microsoft rural broadband

Microsoft is planning on using TV frequencies in order to provide people in the rural parts of the country with internet.  But, how, you ask?  I’m not really sure that I get it, but I’ll do my best to explain.  They are going to take the white space and send broadband technology through said white space, using unused TV channels.  Again, you are asking how this works?  Let’s back up for a moment.  Back in the day, TV was broadcast through the air, and those channels actually still exist. In between those channels, however, is what is known as white space. While this might sound confusing to you, it seems that Microsoft has figured out a way to use this technology.  Which is incredible!

According to Gizmodo, “Enterprising scientists have figured out how to turn that white space into a sort of super wi-fi and broadcast internet service to a many miles-wide radius. What’s extra special is that, unlike wi-fi or cellular service, the stronger TV signal can penetrate buildings and other obstacles. This makes it ideal for rural areas, where conventional broadband service is either unavailable or prohibitively expensive.”  Not only is Microsoft able to do this, it even might be “better” than wifi or cellular data in some cases.  The whole “can you hear me now?” concept might be one of the past.

microsoft pilot

Microsoft plans on rolling this out in 12 states including New York and Virginia.  So now you know how the technology works, but you’re probably wondering how it works for consumers.  Well, when I first read this, I had this weird image in my head.  Which was – I turn my TV on, and suddenly the internet is transmitted to my laptop.  Obviously, that’s ridiculous, but you can’t blame me.  This is kind of a far fetched concept isn’t it?  You will need some hardware in your home, which presumably is how the internet is transmitted into your house.  Which is going to cost the consumer money.  Which is estimated around $1,000 for the hardware in the first year.  Microsoft suggests that the price will decrease in the second year, but that remains to be seen.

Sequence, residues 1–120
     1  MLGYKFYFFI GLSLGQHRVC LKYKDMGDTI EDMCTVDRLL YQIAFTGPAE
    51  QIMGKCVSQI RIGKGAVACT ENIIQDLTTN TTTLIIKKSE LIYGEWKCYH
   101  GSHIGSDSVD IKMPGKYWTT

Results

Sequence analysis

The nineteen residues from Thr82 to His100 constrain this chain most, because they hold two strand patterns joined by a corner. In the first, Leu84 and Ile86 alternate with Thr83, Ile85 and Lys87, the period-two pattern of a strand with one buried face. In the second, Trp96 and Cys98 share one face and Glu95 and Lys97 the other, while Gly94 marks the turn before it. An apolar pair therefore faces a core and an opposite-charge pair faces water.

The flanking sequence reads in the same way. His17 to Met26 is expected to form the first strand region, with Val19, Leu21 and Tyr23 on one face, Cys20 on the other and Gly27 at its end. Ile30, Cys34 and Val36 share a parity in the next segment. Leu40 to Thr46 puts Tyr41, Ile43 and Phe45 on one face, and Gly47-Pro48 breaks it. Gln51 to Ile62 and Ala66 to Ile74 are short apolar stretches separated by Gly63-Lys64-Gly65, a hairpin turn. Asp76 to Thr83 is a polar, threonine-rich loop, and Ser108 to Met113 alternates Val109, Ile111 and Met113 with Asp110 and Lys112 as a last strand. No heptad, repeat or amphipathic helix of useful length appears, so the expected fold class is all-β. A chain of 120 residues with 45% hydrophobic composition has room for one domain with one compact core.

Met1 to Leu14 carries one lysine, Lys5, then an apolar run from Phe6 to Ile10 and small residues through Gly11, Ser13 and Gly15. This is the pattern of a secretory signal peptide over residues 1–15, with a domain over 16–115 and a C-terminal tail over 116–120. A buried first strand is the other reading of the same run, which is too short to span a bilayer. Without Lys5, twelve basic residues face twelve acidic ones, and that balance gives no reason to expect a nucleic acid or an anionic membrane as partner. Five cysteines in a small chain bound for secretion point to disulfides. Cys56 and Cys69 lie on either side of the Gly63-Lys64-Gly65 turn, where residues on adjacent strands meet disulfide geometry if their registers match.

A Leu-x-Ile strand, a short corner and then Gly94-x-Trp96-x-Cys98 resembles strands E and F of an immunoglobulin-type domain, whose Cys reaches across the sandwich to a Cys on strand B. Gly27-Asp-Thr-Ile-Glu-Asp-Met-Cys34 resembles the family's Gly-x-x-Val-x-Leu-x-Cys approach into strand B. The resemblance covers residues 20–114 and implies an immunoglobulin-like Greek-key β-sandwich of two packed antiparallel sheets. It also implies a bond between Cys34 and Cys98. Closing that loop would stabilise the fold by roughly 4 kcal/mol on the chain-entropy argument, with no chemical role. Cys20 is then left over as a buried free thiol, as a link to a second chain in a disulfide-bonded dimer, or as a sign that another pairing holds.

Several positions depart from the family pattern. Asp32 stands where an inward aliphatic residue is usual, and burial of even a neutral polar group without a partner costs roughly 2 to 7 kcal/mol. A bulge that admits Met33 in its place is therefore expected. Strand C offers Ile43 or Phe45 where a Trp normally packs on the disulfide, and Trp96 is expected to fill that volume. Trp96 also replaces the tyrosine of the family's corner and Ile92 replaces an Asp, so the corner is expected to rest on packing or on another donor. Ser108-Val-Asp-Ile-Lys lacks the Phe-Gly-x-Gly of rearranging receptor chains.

In addition, Microsoft is going to build regional stations as the distance this technology can travel is limited.  The big question I have – is this good news for rural America?  The goal is to bring broadband service to the under serviced areas, but is this the answer?  It certainly is an interesting concept, to say the least.  When most of us think about alternative ways to get internet, we typically think about phone lines, or satellites.  Speaking for myself, I wouldn’t have even considered this type of technology to actually work.  And that, in itself, remains to be seen.

I’m interested to see where Microsoft goes with this, and whether or not it actually ends up working the way they hope it does.  Further, it will be interesting to see how much it will cost for both the hardware and the service.  Getting broadband service to the under serviced areas is a great idea, but at what cost?  If people can’t afford the hardware and the service cost, then it’s not necessarily worth Microsoft’s investment into the infrastructure.  As always, I think this concept is ingenious and I can’t wait to see what else they do with it.

By Staff Writer

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